Wednesday, December 19, 2007

Primordial Soup

My wife has been taking anatomy classes this fall, getting me closer to embracing a fact that I've been secretly flirting with for a while now: the human body is just fucking disgusting. It's true that people, and mammals in general, are less unappealing than the rest of the biosphere by virtue of being occasionally warm, soft, and dry on the outside, but it doesn't change the fact that we're still each of us a nasty sack of salty meat, every body filled up with a squishy assortment of quivering globes and slimy pustules shooting humors and ichors at one another. It's not pleasant to think of animals like this, nor to think of ourselves as animals, but we eat other animals with abandon, slurping them up in liquid bites, sucking down their nerves and veins like spaghetti, invading them on the cellular level with enemy acids and enzymes, apoptosizing their fundamental components, bursting them in our foul gaping maws and slowly turning them into excrement in our own fetid and swollen guts. Milk is one of the most wholesome fluids we can name, right? But thinking about it, it's foul: secreted out of a cow's gland, just like bile or spit, it amounts to a network of microscopic loogies suspended in a chalky plasma, flocculating and floating, splotching onto the sides of the glass, sliding down like a viscous slimy plaque across our equally slimy tongues and lips. Ever drink it warm and fresh? Might as well be sucking down blood or pus.

Our macroscopic topologies are simpler than the scrambled-eggs confusion of the subsystems of organs and tubules would have one believe, with the "insides" and "outsides" defined more by elaborate folds of the same gelatinous sheets than by actual closed-in geometries. On the microscopic level, a bunch of spiderwebbed protein networks and sloshing lipid membranes twist and congeal to make the twelve dozen or so kinds of specialized amoebas that work together to comprise people, transferring information around by nothing more than electrochemical diffusion and redox chemistry. True, a cell has the decency to be walled off and isolated by a little sheet of organized fat, a glorified soap micelle, with other little bubbles floating in it like tiny disembodied eyeballs, chasing around with other biomolecules a gummy little pile of DNA.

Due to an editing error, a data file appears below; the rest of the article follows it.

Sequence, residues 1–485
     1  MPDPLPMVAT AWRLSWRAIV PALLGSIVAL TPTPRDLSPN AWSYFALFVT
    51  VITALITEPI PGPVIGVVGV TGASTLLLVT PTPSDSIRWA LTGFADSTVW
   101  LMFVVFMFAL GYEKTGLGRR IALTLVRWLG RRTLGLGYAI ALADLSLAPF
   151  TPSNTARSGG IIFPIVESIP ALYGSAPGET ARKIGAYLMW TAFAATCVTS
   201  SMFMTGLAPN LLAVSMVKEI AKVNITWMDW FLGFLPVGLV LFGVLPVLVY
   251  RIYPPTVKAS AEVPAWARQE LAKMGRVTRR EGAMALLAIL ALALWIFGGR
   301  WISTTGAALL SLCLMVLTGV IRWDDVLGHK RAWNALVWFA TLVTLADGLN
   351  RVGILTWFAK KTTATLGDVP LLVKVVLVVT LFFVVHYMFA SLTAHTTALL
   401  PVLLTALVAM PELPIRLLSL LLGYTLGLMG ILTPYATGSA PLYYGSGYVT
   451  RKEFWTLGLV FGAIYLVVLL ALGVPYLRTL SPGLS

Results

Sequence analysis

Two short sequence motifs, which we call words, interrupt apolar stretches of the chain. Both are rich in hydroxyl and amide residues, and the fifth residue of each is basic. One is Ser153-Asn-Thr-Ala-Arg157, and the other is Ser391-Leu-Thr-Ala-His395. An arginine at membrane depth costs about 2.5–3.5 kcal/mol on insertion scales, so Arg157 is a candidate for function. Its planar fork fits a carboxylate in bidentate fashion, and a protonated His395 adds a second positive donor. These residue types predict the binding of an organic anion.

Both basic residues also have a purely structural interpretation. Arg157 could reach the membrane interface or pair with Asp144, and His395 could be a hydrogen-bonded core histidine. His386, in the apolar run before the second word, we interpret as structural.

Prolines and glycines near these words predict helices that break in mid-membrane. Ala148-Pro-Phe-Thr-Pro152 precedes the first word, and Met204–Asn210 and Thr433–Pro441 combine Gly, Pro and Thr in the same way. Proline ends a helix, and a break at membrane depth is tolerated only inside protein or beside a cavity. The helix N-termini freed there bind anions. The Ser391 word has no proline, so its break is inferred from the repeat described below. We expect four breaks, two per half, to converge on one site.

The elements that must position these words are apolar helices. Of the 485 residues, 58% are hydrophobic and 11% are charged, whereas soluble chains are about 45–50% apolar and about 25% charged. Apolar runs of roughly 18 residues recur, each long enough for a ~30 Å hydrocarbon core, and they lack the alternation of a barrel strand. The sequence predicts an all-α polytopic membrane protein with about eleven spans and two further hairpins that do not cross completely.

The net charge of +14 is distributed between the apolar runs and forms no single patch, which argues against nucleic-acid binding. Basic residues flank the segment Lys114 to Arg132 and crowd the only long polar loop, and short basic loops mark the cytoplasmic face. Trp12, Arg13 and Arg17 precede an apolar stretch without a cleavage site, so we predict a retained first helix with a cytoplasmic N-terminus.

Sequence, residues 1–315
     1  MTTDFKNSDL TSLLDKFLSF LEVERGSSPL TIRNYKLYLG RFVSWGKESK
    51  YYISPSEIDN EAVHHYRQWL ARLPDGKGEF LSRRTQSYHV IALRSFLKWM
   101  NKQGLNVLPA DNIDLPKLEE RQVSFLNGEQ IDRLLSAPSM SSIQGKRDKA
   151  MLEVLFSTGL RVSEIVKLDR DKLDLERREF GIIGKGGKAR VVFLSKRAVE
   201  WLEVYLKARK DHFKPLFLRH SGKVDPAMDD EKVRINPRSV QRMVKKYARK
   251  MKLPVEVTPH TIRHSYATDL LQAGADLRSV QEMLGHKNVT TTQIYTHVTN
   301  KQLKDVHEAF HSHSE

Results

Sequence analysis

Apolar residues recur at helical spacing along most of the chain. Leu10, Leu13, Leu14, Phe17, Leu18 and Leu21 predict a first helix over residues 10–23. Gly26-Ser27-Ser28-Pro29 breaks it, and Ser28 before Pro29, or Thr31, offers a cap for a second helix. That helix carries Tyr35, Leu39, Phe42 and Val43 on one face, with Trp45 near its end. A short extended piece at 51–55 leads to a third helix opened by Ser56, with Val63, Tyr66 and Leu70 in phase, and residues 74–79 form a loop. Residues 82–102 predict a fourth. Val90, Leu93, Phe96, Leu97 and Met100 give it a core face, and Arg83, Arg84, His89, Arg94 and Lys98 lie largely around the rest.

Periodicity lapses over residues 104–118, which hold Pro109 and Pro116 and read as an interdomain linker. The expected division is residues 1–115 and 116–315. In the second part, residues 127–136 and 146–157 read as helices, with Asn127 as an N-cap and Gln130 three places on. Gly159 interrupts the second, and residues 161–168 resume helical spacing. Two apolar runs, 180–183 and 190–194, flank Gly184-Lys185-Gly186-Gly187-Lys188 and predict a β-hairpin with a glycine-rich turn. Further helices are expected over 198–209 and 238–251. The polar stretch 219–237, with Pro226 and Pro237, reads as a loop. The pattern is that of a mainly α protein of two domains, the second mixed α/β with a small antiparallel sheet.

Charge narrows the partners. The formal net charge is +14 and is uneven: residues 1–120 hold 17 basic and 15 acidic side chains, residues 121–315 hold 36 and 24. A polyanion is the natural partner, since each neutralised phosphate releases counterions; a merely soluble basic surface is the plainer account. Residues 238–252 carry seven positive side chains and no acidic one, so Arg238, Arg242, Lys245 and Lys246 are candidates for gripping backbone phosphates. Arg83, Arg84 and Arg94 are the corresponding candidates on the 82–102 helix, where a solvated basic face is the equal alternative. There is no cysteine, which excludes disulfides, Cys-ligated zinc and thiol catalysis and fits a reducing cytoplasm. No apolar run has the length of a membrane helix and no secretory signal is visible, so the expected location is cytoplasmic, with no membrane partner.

The body is, I can hardly deny, a fabulous machine, but the details of it seem needlessly complicated. I don't know what sort of addlepate could look at that pile of Rube Goldberg goop and scream "design," because frankly, it's such a mess that the miracle is less how it works, and more the fact that it works at all. It's as if one could shake up a trillion vats of biomolecules, and one of them might splatter around just so and manage to effectuate oxygen transport or waste removal or process some other damn thing we slathered into the soup, and now it's called life. Woo hoo. The fact that everything's chemical, that everything's diffusion screams inefficiency to an engineer. And isn't each one flawed in some way? Is not a defect-free individual a rarity worthy of celebration? A billion intra- and extracellular chemical signals and channels are a billion things that can go wrong. Never mind the usual macroscopic design flaws (the proverbial recreational areas built on waste sites, the bad knees, the self-destructing prostates, the dissolving bones, the myopia), but the microenvironment is also a mess. One botched transmission mechanism, and it's cancer, palsy, or a hundred horrible and debilitating varieties of autoimmune depth charges ticking away in half the population. Yuck!